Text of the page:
Contemporary colonial films have long been a neglected part of European film studies. In the last decade, extensive research on these colonial films in the UK has resulted in two books and an elaborate website.1 In France, another country with an extensive colonial history, a fully comprehensive scholarly study has yet to be published. In the Netherlands, colonial films have been a suppositious child generally ignored in Dutch film and documentary histories, and studies about colonialism itself seldom take films into account.2 The PhD dissertation, An imagined colony. The Dutch East-Indies in fifty years of government films 1912–1962, published in 2014, has been a first step in filling this gap.3 This paper provides a summary and a follow-up of this study, looking specifically at how films that were produced during the years of the decolonization war (1945–1949) have been re-used in television programmes.4 More specifically, it investigates how these films are re-used as archival footage and how at times their original message is altered in the process. In the past, this type of research was hindered, since both the original films and later documentaries and productions re-using this footage were on film, some still on nitrate. Due to an extensive digitalization programme in the Netherlands, called Beelden voor de Toekomst (‘Images for the Future’) a large majority of the original colonial films and television programmes re-using this footage have now been made available for study.
Historical Background of the Films
In the 19th century, the Dutch possessions in the East Indies, which turned from a string of trading posts into an empire, included a well-organized Dutch administration imposed on the indigenous authorities. The need to map the whole archipelago and gain knowledge about the empire in all its vastness resulted in a surge of surveys being carried out by the end of the century. The first films, produced by the Dutch government in 1912, were part of this desire and need to control the empire. The fact that the government produced these films remained unknown until recently, due to these films never having been catalogued as such. Most of these films have been kept in the vaults of the EYE Film Institute, and, after further contextual information and metadata has been provided from written documents from the Dutch National Archive, the place of these films in film history can now be properly studied.5 As Peter Burke also acknowledged in Eyewitnessing: “Paraphrasing E.H. Carr it might be argued that before studying film, you should study the director.”6 In films produced by the government, the voice of the producer usually prevails.
In the 1920s, there were few governmental colonial films produced. During World War I, the Netherlands adhered to strict neutrality and the government did not feel the need to use propaganda as other countries did. From the Dutch government’s point of view, the existence of their empire was so ‘natural’ that there was no need to defend, explain or promote it.7 By the end of the 1930’s, this complacent attitude began to change, at least in some circles. Once the Dutch metropole was invaded by Germany in May 1940, propaganda, including propaganda films, was treated as a useful tool for fighting the enemy. This remained unchanged in the immediate postwar years.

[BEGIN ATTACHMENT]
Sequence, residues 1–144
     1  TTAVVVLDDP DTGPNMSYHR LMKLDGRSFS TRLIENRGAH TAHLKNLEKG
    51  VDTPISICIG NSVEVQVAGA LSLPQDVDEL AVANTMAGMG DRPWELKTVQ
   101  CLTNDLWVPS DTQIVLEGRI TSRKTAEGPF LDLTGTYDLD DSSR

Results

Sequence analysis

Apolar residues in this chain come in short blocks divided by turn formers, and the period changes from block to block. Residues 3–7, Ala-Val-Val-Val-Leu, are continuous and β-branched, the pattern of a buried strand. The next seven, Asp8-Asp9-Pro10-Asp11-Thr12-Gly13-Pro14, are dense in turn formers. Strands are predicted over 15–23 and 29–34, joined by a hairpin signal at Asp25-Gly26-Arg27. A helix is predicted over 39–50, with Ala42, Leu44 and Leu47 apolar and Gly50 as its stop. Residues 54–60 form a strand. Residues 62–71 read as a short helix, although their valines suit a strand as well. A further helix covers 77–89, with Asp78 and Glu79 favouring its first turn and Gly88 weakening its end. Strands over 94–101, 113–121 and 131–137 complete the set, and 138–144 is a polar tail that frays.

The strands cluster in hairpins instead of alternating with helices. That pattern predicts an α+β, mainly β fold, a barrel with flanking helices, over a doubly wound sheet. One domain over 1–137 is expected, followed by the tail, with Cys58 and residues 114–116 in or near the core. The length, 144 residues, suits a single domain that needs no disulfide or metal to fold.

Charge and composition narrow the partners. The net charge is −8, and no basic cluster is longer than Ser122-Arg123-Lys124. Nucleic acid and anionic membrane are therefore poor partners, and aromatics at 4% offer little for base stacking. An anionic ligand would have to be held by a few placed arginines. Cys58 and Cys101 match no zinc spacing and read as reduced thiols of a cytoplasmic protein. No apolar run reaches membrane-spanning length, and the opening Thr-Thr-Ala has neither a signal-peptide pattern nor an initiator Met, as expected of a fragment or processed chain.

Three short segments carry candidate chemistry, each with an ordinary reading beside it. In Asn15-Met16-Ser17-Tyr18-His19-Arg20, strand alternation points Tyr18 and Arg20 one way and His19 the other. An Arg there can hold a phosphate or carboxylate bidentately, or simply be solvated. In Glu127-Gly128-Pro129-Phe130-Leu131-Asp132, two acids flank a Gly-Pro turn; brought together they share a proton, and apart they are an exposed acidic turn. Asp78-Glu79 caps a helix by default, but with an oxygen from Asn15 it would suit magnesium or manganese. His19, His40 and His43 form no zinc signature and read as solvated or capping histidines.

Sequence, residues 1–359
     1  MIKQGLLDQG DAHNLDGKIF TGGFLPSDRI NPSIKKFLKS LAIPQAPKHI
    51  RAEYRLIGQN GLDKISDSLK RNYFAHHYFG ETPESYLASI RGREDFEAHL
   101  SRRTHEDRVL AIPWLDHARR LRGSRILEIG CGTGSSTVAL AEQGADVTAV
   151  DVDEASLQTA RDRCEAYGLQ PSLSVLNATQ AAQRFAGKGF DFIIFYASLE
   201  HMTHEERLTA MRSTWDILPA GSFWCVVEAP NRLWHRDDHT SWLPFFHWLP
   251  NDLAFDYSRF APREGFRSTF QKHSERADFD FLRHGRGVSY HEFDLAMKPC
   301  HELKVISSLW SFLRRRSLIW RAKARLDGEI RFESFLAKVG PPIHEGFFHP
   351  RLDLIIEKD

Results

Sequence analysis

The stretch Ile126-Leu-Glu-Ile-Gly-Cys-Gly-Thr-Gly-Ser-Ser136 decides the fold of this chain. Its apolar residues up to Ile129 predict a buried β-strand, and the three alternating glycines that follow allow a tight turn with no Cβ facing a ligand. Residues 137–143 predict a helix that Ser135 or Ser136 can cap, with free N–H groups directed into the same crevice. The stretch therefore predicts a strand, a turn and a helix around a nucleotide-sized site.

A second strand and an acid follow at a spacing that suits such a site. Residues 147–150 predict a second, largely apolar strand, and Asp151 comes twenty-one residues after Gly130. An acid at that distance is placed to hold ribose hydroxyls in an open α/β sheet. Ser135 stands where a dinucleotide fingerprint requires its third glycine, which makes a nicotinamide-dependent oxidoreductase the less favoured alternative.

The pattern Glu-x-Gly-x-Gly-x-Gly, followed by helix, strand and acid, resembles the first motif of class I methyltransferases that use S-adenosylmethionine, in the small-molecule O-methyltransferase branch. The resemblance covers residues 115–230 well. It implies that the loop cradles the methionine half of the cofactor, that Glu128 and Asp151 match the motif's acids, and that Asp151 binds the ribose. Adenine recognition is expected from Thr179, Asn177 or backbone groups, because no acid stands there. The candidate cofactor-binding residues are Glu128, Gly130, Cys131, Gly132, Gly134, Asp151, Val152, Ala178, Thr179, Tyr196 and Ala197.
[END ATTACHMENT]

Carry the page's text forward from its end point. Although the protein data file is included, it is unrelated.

Between 1945 and 1949, the Netherlands and the Republic of Indonesia were at war. The Republic came into being on August 17, 1945, with a proclamation of independence by the Nationalist movement. This was not immediately accepted by the former colonial power, but the Netherlands officially acknowledged Indonesia as an independent state on the 27th of December, 1949, when sovereignty was transferred. Thousands of short reportages and some longer documentaries were made during these four years and most of them were produced by the Dutch East Indies government. Most of the footage survived and has preserved by the Netherlands Institute for Sound and Vision.8 The Dutch films of this period have one feature in common: they hardly depict fighting, instead they promote a positive representation of the events in the archipelago, despite the fact that more than 6,000 Dutch soldiers died in the decolonization war, while the number of Indonesian casualties is usually estimated at least 100,000.9 The focus on representing a reconstructed image of the colony instead of the guerrilla war that was going on, was in line with the general policy of the Dutch government, which had a hard time accepting the nationalist aspirations of their Indonesian ‘subjects.’ This was also confirmed by the findings of the abovementioned research study in Britain, which concluded that colonial films tended to offer a positive representation of colonial history.10
1 The Production of Colonial Films
1.1 A forgotten history
In 1912 a Dutch civil servant, Louis van Vuuren, suggested the highest authority in the Dutch East Indies set up a ‘government film service’ that would produce films about the colony to be shown to Dutch audiences in order to make the East Indies more known and loved by people in the metropole. Without waiting for approval, Van Vuuren, who happened to be the head of the new documentation department, the Encyclopaedisch Bureau, ordered several films to be made. Eventually his proposal to make these films was rejected and his films later on ended up being catalogued in the archives under the name of a different producer.11 The early start of Dutch colonial government films became a forgotten history.12